Before This Little Doggy came along, I already had Two Bigger Doggies in my life, Willow and Shadow. Two year old Labradors, siblings and litter mates, these two hounds are an absolute joy and have changed my life in many ways. What follows is the story of how they came into my life.
I like to plan. I research every tiny purchase. It’s in my nature, it’s what I do. If you’ve read my story of how I found This Little Doggy, then you’ll have some understanding of this. However, that’s not what happened with Willow and Shadow.
I had never intended to have a dog. I’ve always loved dogs, and we had them in the house growing up, but the amount of commitment they call for just didn’t seem to fit in with my busy life. I work all hours of the day and night. My husband and I like to travel. We live in a ski resort with its sub-zero temperatures. So, we decided to have ferrets. Two lovely little ladies, Fidget and Twitch, who brought laughter into our lives. We could take them out for walks if we chose, but didn’t have to when the weather was bad.
Easy to transport, fully vaccinated and with their own pet passports, we could take them away with us to most places we went, but the fact they spend most of their time asleep means that, when we can’t take them with us, it’s straightforward to find someone to pop in and feed them.
This was our perfect set-up; the joy of pet ownership with little of the hassle. We’d sit inside in the warm on those cold, blustery mornings, smiling down at the people we could see, hunched over in their coats, battling against the elements as they trudged with their dogs on their morning walks. Not a life we were keen to take on for ourselves.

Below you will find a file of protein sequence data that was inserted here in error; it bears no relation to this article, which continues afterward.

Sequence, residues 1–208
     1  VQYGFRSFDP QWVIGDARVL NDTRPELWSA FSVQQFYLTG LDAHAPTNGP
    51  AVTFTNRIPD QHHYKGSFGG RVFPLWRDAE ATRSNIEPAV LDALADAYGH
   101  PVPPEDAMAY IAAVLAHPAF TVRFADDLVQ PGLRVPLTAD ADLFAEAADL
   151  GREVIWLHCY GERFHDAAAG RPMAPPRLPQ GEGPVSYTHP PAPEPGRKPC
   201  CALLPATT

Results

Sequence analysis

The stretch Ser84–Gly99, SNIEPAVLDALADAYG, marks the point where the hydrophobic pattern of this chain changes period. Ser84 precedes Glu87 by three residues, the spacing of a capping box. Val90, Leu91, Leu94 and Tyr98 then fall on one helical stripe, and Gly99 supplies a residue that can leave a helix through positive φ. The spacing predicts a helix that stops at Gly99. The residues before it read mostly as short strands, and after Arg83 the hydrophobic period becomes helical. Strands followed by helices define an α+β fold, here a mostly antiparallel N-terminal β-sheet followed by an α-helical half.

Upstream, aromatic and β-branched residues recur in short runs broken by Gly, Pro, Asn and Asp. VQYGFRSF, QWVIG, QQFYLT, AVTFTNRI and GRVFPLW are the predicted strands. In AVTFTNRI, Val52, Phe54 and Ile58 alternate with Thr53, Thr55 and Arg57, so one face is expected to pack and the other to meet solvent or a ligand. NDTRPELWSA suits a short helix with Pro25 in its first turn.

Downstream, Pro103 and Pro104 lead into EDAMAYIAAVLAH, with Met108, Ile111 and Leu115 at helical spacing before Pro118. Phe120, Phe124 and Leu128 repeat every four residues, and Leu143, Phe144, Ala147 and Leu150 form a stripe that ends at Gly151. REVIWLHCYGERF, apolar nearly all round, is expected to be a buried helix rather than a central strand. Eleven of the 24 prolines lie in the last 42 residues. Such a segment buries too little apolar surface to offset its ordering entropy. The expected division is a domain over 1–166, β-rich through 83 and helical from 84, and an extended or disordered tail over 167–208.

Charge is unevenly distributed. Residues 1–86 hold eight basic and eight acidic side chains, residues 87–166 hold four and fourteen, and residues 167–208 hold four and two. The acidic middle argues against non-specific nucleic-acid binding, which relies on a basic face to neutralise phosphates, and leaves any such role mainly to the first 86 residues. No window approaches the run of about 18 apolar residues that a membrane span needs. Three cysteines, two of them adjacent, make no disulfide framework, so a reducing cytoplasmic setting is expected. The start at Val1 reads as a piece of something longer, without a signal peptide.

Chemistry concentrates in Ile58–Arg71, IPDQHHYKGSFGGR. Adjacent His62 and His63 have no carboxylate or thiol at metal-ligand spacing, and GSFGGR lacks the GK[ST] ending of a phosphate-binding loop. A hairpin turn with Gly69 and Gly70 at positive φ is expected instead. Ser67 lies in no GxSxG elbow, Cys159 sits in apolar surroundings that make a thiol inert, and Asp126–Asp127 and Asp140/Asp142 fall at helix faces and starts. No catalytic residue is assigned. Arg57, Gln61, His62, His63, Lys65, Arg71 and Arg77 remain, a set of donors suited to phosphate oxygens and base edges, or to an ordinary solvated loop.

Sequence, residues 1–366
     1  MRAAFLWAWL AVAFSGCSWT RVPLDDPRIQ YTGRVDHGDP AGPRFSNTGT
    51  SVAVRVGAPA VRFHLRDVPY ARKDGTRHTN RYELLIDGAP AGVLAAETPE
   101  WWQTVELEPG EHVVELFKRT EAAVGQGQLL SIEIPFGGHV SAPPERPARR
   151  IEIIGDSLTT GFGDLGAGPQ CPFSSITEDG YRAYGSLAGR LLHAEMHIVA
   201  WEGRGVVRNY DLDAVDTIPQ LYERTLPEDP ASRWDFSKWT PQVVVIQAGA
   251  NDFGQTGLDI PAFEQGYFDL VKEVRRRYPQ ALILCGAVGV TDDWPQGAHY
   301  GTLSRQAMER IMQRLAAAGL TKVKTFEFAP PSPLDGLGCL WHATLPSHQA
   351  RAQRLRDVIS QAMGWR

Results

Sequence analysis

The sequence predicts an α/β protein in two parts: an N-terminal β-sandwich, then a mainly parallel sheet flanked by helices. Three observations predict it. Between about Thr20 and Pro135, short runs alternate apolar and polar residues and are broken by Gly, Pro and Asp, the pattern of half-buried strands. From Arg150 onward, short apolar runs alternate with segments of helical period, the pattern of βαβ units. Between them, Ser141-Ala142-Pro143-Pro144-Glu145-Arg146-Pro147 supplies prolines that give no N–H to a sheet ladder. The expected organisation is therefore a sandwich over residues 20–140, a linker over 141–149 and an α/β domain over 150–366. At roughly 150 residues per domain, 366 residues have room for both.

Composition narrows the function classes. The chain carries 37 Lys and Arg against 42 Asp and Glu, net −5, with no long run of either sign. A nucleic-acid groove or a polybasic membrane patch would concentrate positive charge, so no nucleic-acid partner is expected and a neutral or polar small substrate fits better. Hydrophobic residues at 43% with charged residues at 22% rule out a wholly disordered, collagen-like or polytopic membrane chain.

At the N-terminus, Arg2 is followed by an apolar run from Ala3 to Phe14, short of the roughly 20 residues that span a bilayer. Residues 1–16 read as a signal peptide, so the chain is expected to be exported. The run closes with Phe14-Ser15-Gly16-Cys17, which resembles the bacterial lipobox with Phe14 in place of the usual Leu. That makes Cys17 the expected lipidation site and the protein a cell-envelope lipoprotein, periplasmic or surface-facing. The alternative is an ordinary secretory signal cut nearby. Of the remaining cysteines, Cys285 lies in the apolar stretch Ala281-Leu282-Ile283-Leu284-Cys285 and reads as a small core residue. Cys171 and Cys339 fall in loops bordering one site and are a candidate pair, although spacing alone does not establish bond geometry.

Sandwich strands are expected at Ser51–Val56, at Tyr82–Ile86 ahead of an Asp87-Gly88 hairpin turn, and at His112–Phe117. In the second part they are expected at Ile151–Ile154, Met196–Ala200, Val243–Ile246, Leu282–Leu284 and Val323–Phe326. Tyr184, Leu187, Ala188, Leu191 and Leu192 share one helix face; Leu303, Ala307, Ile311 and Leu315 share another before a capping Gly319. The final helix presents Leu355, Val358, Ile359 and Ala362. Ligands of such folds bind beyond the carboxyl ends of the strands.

One of the placed we liked to visit on our travels was near Bordeaux, where friends of ours manage a large chateau. One fateful day, we received a phone call to ask if we’d mind staying and keeping an eye on the place – and their animals – whilst they were away at a wedding. Well, a week in the tranquility of sun-drenched vineyards sounded just what we needed, so we packed up and headed off to stay. As soon as the door was opened to us, and we were greeted by their two Labradors, it struck me.
“Hmm, Ruby’s looking a bit plump!”.
“Yes, she’s pregnant. Don’t worry, though, she’s not due until the week after we return!”.
“Thank heavens for that!”.
You know where I’m going with this, don’t you?
In fact, their fateful parting words, as they headed off, were,
“Unless Jake got in there a bit earlier!”.
Jake got in there a bit earlier.
The proud parents, Ruby and Jake:
We were rather oblivious, not having any idea of the gestation cycle of a dog, so we just carried on as usual, letting Ruby sleep in her whelping box at night to get her accustomed to it, but otherwise, carrying on as if nothing was unusual. In the evenings, with Ruby cuddling up to us, we would feel the puppies wriggling and kicking inside her.
The day that our friends were due to return, Ruby started acting a bit peculiarly. She would take herself off to her whelping box and stay there for a while. Again, not having any idea what was normal, we just let her get on with it.